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thistle jib sheet rigging question


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#1 ROADOG

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Posted 09 May 2013 - 05:59 PM

I just bought an older Thistle (#2614) and I'm having trouble figuring out how the jib sheets were rigged.  It is a fiberglass hull, and the wooden bits are in very bad shape.  I'm working on replacing all of it now.  The previous owner had removed all the wood and hardware before I got it, but he took lots of pictures first, and between the photos, and the screw holes and varnish "shadows," it's pretty easy to see where things were.  I've found several sites with good photos of several variations of the sheet rigging.  All use blocks of some sort to route the sheets to cleats on the centerboard thwart.  There is no sign of this having been the case on my boat. I am struck by how far inboard the "ideal" position for the sheet seems to be.  The Lightning I had as a teen had the sheets led much nearer the rail.  I've searched for any sign of the jib sheets having been routed to the rails, but there is no sign of that either.  The only place I can find that is a possibility is a single large cleat on the centerline of the aft end of the centerboard trunk that could have been used alternately for either sheet.  The cleat is clearly designed and located to have a line wrapped around its aft end before being "jammed" under its front.  The jib has sheets attached, which are of a rather large diameter (half inch yacht braid) which would work well on the aforementioned cleat, and the cleat is low enough, and far enough aft that the sheet would cross the thwart very nearly in line with the "ideal" location.  Has anyone ever seen this arrangement on an older Thistle?  If not, where did they go? (And what's that big cleat for?)  I can't quite believe anyone was expected to hand hold the line continuously (even half inch yacht braid), and there's nowhere else!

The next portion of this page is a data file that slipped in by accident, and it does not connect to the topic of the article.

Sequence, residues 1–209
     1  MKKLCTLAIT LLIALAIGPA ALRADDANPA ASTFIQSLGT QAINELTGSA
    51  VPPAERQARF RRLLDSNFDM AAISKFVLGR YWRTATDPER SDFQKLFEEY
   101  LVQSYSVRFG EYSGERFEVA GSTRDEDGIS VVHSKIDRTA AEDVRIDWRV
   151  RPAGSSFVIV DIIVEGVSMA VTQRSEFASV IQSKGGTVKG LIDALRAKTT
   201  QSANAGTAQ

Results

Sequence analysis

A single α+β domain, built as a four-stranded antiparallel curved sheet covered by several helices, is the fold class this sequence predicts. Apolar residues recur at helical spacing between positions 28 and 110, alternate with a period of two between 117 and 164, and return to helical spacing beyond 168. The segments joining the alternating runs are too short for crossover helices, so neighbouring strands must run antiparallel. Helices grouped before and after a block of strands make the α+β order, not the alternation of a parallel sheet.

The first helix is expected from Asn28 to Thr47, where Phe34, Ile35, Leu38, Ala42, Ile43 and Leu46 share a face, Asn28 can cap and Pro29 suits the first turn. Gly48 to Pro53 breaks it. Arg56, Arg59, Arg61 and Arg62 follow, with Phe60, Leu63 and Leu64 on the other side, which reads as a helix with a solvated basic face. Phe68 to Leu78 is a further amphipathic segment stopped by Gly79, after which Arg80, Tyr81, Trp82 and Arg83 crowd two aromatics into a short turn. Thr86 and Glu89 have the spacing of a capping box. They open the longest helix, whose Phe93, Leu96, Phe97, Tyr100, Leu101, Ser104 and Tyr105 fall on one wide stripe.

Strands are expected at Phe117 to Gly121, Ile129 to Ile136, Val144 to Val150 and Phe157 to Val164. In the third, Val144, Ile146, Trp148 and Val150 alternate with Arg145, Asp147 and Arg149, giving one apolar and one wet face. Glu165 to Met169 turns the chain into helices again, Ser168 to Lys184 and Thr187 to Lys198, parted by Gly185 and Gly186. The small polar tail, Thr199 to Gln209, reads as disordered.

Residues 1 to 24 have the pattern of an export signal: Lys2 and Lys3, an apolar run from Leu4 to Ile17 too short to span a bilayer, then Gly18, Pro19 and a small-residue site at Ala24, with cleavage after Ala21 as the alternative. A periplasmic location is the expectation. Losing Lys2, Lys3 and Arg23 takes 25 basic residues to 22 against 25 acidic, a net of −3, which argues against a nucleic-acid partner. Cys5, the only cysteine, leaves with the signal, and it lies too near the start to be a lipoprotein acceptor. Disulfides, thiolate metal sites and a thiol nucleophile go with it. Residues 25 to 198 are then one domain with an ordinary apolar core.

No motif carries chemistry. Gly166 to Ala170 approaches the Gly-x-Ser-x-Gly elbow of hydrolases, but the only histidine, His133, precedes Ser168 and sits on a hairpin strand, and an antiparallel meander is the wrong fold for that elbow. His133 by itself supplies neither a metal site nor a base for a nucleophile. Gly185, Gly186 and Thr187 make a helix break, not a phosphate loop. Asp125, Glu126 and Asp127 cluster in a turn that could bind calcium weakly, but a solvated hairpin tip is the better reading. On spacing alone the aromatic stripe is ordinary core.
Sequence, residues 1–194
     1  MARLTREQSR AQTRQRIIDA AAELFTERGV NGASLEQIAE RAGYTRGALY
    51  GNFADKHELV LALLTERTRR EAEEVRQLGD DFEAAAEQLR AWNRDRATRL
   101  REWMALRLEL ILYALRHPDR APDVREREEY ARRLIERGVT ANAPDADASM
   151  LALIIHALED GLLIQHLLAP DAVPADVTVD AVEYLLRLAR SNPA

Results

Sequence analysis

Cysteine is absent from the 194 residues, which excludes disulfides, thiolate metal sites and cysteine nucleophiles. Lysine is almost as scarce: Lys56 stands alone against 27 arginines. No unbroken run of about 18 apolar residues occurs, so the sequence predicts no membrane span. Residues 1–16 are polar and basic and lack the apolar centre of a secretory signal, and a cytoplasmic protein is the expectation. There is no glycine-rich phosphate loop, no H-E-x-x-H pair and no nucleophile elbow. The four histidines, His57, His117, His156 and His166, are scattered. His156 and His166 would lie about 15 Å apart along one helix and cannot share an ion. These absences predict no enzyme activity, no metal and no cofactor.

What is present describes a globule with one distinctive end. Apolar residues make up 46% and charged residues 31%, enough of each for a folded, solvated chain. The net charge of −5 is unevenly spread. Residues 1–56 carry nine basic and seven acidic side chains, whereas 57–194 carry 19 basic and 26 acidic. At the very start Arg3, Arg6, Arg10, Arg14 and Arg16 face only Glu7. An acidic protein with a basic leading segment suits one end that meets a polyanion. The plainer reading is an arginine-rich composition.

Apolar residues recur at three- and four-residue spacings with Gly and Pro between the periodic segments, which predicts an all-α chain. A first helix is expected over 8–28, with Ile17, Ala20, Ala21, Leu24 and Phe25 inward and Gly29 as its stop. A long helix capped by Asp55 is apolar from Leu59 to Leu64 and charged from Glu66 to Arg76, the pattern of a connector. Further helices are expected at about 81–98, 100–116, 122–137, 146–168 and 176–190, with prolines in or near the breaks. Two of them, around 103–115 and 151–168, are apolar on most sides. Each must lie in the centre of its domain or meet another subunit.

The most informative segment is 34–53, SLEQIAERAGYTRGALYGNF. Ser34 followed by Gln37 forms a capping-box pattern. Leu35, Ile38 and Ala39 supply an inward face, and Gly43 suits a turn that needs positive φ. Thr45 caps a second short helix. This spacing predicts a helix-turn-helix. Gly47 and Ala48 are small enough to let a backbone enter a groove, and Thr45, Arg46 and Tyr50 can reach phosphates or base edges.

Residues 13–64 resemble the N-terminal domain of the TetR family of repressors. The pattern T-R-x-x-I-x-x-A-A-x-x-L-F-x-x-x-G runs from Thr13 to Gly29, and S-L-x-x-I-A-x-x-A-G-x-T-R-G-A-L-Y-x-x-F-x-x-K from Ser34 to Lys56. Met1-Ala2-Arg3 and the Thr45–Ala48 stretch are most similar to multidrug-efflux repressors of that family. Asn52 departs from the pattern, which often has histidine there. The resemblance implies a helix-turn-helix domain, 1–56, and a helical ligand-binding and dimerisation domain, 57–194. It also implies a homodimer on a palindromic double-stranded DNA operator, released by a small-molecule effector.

#2 thengling

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Posted 09 May 2013 - 06:29 PM

In this photo, it looks like they're using a ratchet block for jib sheeting, and a barber hauler.  Line appears to be 1/2 here as well.

http://farm8.staticf...0990b4898_o.jpg



#3 ericrayl

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Posted 09 May 2013 - 08:08 PM

If you want to rig it like it was, I can't help you except to say older thistles had the jib sheets led way too far off centerline to be optimum for going upwind.

 

If you want to put them where they should be, there is great info. on where to put the leads  on the North Sails One Design website, on the Thistle specific pages.



#4 I Sail The Black Boat

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Posted 10 May 2013 - 12:39 PM

Hi ROADOG fellow old Thistle owner here, the jib sheet turning blocks do indeed go on the wood thwart accross the Centerboad trunk.  I'd need to see a photo of the larger cleat, but it sounds like  a very dated setup, probably not something worth reusing.  The jib sheet blocks are typically mounted 15.5" off the centerline on the thwart.  Many people add a short section of track to move the block fore and aft, but it's optional.  There is a combined block, cleat car called a jib-master availible from the curent builder Great Middwest 740-965-4511 (he has no webpage sorry). Alternatively you can come through a block to a bulls eye fairlead to a cleat mounted on the thrwart.  Many of us prefer not to cleat the main racing, but the standard main sheet block with the swiveling cleat attachment is also used. 

 

I can post pictures latter this weekend if you need.

 

-Craig P

 

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#5 BalticBandit